Monday, 6 April 2015

Old Billingsgate Fish Market, EC3R

Think of the City, the 1980s and Tory politicians, and there doesn't seem much worth celebrating. But Old Billingsgate is an exception – if it were not for Michael Heseltine's listing of the building in 1980, the Corporation of London would have torn it down and buried it beneath steel and glass.

Although the present building dates from 1877, its removal would have meant the loss of a major part of London retail history, as a market had stood on this spot since at least 1000. As it was, only the lorry park suffered that fate, with the erection of the sinister-looking Northern & Shell Building, occupied by porn baron/media mogul Richard Desmond's company. It looks like a mountain of stacked-up TV screens.


According to whoever you believe, the market site was either originally the Gate of Belinus, built in the 5th century by the son of an ancient British king; a wharf owned by a Mr Biling; or Blynesgate to Saxon customs men. Anyway, it had been a market for a long time when Henry IV gave London citizens permission to collect tolls and customs in 1400.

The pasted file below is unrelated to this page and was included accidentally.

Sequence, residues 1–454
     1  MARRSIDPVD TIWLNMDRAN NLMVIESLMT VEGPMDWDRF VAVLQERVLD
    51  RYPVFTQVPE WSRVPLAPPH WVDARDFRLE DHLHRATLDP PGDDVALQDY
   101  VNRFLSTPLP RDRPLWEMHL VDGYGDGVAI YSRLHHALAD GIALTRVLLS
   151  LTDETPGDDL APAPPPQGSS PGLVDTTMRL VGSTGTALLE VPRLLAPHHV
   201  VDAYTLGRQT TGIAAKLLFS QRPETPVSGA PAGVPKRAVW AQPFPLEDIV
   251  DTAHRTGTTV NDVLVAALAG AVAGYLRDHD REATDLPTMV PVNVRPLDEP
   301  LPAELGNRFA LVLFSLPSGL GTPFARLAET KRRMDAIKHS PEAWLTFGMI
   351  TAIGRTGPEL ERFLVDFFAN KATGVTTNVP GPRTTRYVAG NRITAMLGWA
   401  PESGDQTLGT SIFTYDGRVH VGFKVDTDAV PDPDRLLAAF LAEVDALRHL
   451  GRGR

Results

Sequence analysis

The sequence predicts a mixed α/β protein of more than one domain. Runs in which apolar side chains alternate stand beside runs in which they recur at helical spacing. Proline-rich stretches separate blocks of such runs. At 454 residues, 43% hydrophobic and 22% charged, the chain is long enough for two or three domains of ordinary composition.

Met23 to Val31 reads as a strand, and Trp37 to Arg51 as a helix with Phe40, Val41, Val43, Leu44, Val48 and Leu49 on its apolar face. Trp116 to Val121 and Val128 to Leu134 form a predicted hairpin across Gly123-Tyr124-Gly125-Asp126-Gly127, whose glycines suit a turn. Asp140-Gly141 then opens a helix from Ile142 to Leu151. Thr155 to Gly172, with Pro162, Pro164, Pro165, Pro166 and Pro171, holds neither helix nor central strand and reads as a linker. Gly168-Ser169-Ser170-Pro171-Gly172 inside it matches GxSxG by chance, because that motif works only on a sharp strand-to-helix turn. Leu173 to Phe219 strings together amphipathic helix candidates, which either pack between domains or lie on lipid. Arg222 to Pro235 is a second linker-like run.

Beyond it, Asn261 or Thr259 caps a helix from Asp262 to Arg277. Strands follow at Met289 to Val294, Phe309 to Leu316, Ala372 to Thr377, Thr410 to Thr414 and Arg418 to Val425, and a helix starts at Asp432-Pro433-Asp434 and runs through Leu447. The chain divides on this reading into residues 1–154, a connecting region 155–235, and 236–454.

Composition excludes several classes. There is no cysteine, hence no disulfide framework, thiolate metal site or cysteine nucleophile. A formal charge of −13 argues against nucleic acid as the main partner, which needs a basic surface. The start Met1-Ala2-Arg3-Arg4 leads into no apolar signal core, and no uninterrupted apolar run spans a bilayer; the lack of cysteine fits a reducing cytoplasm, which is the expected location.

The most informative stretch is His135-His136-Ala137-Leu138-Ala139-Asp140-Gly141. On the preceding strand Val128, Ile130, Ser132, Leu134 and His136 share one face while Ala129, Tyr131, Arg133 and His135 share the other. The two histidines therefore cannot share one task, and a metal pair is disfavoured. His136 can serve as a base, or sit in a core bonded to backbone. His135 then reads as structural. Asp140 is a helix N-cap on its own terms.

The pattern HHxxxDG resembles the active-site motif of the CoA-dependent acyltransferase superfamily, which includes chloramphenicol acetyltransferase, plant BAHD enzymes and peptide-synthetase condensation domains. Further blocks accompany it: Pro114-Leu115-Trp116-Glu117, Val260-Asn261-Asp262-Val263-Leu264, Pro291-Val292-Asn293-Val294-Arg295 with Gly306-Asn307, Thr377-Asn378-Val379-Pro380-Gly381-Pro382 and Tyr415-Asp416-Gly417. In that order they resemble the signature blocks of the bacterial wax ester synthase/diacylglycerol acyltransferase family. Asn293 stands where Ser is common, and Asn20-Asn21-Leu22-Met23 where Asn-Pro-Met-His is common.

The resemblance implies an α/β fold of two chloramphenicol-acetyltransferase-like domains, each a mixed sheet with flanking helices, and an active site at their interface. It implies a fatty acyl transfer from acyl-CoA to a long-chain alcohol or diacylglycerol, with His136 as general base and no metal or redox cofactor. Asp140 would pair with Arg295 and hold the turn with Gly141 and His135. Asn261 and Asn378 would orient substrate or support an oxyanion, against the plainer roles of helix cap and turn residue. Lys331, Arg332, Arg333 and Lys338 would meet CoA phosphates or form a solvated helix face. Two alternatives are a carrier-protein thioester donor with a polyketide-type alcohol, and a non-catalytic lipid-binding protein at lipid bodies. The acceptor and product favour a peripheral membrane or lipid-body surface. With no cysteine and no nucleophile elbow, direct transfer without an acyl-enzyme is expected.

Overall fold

A simple arcaded market building was eventually built, recorded in a 1598 drawing. This burnt down in the Great Fire, and its replacement was frequently repaired and renovated until George the Younger designed a new structure in 1800, which I'm assuming is that seen here (from the Illustrated London News, Nov 10, 1849):


Demands to expand or move the market seem to be almost as old as the market itself, as costermongers and their fishy wares blocked off nearby streets. There was also the smell. Visitors were told to find their way to The Monument and then follow their nose. An edition of the London Spy in 1703 says Billingsgate was renowned as "stinking of stale sprats". One wag suggested the odour was "the best means of defence against foreign invasion".